Swartland farm owner allegedly mistreats his female farm workers

Kloovenburg Wine and Olive Estate in the Swartland made front page news on Sunday for all the wrong reason. According to a report in the City Press, 46 women are living packed like sardines in two metal containers and two dilapidated bungalows with no functioning ablution facilities. They described their conditions to City Press this week as a “living hell”.

Photo from City Press

The area – and the farm – was hit this week by the wave of strike action that has rolled across the Boland. The daily wage and living conditions of farm workers are at the heart of the protest action, which has turned violent in some areas.

The 300-year-old multi-award-winning Kloovenburg estate is one of the most prized wine and olive estates in Western Cape. The 300-hectare farm produces award-winning wines that are sold at Harrods in London and its olive oil has been named among the best in the world.

The owner of the estate, Pieter du Toit apparently imports the women he works with every weekend from townships across Cape Town.

On Thursday, Du Toit obtained an urgent interim order preventing the women from engaging in an illegal strike. Papers in Du Toit’s Labour Court action confirm the women are imported from Langa and Khayelitsha townships. They are collected on Sunday nights and returned on Friday afternoons.

The workers said Du Toit paid them R70 a day for working in his vineyards. They have no benefits.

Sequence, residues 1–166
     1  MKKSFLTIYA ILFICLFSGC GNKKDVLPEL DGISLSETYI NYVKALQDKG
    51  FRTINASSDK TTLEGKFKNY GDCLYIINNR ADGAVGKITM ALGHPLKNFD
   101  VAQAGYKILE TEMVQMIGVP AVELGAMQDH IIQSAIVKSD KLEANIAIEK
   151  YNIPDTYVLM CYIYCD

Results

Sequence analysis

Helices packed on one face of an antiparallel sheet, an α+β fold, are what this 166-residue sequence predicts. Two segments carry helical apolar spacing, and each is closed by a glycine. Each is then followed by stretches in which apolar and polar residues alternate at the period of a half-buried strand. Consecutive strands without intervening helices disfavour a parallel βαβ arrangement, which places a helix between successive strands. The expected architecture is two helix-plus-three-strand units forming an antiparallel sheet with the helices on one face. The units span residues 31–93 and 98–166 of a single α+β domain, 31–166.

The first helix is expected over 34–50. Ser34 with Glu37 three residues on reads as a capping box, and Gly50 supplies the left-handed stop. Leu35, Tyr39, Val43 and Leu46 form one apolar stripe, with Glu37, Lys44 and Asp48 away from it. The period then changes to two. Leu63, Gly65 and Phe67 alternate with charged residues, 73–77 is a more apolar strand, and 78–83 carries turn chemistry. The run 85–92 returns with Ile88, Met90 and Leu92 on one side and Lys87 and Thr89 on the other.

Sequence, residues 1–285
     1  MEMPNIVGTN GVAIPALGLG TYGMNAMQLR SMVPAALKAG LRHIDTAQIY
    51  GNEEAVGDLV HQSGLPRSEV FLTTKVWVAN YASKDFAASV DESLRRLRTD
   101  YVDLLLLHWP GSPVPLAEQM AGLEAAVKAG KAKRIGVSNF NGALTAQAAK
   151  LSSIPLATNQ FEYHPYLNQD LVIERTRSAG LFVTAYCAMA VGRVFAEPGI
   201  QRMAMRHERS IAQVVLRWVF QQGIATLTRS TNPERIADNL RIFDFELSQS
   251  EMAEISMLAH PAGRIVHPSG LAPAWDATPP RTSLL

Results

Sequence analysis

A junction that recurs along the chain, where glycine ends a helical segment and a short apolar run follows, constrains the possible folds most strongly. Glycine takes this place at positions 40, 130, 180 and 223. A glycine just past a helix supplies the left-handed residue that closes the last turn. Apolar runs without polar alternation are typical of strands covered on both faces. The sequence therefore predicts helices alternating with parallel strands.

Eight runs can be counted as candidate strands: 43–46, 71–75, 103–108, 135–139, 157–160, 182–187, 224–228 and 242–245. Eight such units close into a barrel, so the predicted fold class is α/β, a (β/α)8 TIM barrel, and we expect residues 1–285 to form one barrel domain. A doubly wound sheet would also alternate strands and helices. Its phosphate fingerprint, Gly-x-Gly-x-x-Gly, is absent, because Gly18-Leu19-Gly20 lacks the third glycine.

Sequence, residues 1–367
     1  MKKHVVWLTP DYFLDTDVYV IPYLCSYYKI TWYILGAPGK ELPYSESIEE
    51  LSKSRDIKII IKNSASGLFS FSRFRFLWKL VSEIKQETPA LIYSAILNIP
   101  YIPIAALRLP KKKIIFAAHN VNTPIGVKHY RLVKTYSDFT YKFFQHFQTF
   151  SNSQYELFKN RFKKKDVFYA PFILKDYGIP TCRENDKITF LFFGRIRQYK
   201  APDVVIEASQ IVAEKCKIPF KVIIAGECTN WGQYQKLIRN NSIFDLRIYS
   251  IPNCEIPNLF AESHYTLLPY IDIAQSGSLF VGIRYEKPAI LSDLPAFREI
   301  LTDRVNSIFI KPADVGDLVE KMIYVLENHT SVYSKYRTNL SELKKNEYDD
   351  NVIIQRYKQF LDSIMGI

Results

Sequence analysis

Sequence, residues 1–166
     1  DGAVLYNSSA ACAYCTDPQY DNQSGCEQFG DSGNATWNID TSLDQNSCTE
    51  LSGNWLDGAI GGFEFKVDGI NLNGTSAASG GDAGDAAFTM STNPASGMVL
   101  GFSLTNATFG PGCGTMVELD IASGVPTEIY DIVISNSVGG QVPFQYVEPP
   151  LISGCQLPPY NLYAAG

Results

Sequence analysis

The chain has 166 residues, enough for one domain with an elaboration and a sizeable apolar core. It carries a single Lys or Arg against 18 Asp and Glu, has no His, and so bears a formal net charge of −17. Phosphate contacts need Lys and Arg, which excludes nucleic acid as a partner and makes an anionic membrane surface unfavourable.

Du Toit, however, said in court papers that he paid the women R75 a day, which is above the minimum daily wage of R69.

Confronted on Friday with the claims from his workers, Du Toit threatened court action to stop publication of the material. He was offered a number of opportunities to respond and to take our reporter to the property to disprove his workers’ claims, but he didn’t. Through his lawyer, Du Toit described their allegations as “defamatory”, “inflammatory” and untrue.

The women were ordered to board a truck last Thursday and were taken to Wellington’s station, where they took the train back to Cape Town. Confused workers feared they had been fired. “We are finished,” said one. “Du Toit threw us off. We are going home with nothing.”

The workers photographed their living conditions for City Press hours before they were trucked away.

It is unclear what the fate of the women is and whether they will return to Kloovenburg this week.